Then, one day, when she was taking tea on the lawn, her eyes began to look to the far end of the garden at the fine stone house and she became discontented with her shed.

“I want a house. I’m tired of this gloomy shed. Why shouldn’t I have a house like some others have?”

She again became restless and brooding. Time went by and she got a house. She was delighted with it and busied herself making it beautiful. She soon found that the leisurely life to which she had been used, was over, as she now had to go out to work to earn extra money for the upkeep and maintenance of her new home. Now she came home tired in the evenings. There was a lot of housework and with the extra expense of a bigger house, she could not afford to pay anyone to help her. But at least she had a house like her cousin.

Then one weekend, while she was out taking a walk, she saw in the distance a beautiful mansion. “I’d love to live in a mansion. Then my life would be complete. I’d want nothing more.”

Eventually she did live in a beautiful mansion.

“This is the life,” she cried with joy. “I’m so happy. I’ll never want more again.”

But the day-to-day business of running a mansion, with so many callers coming and going, so many people staying there, meant she never had a moment’s peace.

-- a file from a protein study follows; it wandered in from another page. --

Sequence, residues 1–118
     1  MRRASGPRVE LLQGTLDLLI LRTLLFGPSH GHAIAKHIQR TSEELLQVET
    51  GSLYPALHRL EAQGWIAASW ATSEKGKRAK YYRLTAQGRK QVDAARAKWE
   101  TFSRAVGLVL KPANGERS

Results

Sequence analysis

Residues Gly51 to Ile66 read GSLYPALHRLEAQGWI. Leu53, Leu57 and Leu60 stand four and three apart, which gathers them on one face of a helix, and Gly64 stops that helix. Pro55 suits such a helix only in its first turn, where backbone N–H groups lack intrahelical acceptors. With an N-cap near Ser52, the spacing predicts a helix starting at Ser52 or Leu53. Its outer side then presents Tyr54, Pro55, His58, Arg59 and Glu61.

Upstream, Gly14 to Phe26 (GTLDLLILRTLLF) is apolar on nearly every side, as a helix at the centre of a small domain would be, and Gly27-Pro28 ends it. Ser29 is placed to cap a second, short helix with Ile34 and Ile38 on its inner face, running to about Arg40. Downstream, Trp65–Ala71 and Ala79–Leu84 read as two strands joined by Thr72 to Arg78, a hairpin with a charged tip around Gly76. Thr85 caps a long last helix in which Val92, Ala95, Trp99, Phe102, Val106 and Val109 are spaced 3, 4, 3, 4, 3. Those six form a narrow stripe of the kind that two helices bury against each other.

“Out of all the places I’ve lived in, I’m most unhappy here. It’s a beautiful place to visit. But I don’t feel at home. I can’t afford the rent and I’m in debt. If only I’d been contented and stayed in the shoe, or even the box or cupboard. How foolish I have been. I’ve wasted my life worrying about what I hadn’t got, instead of enjoying what I had. How I wish I was back in the shoe. I used to love picking fruit and making jam. I had free milk and honey. I shall work to pay off my debts and I shall go back to the shoe.”

There was an old woman who lived in a shoe.
She didn’t have very much housework to do.
She enjoyed making jam,
With fresh fruit from the trees,
She had milk from the cow and honey from bees.

Like us, the old woman who lived in a shoe
When plagued by desires, what could she do
But give them full rein, but the pleasure was short
And she never found the peace that she sought.

But then the old woman who lived in a shoe
Took up silent sitting and knew what to do!
Controlling her senses, and with inner view,
She found peace and contentment,
Perhaps you can, too!

‘The Old Woman who lived in a shoe’ appears in one of several hundred Lesson Plans which Carole Alderman has written for teaching children from ages 4 to 13 years. The ‘Sacred & Secular Education in Human Values’ programme draws on the great teachings and cultures throughout the ages who realised that happiness of both individuals and entire societies could only come from practicing ‘ceiling-on-desires’, and not by letting wants run unchecked.

Originally published in January 2012 on the Post Growth Institute (PGI) blog. Find out more about the PGI on our website.




Guiding the way to a full circle, #postgrowth economy beyond capitalism.

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Writing by team-members, guest contributors, and Fellows of the Post Growth Institute (PGI).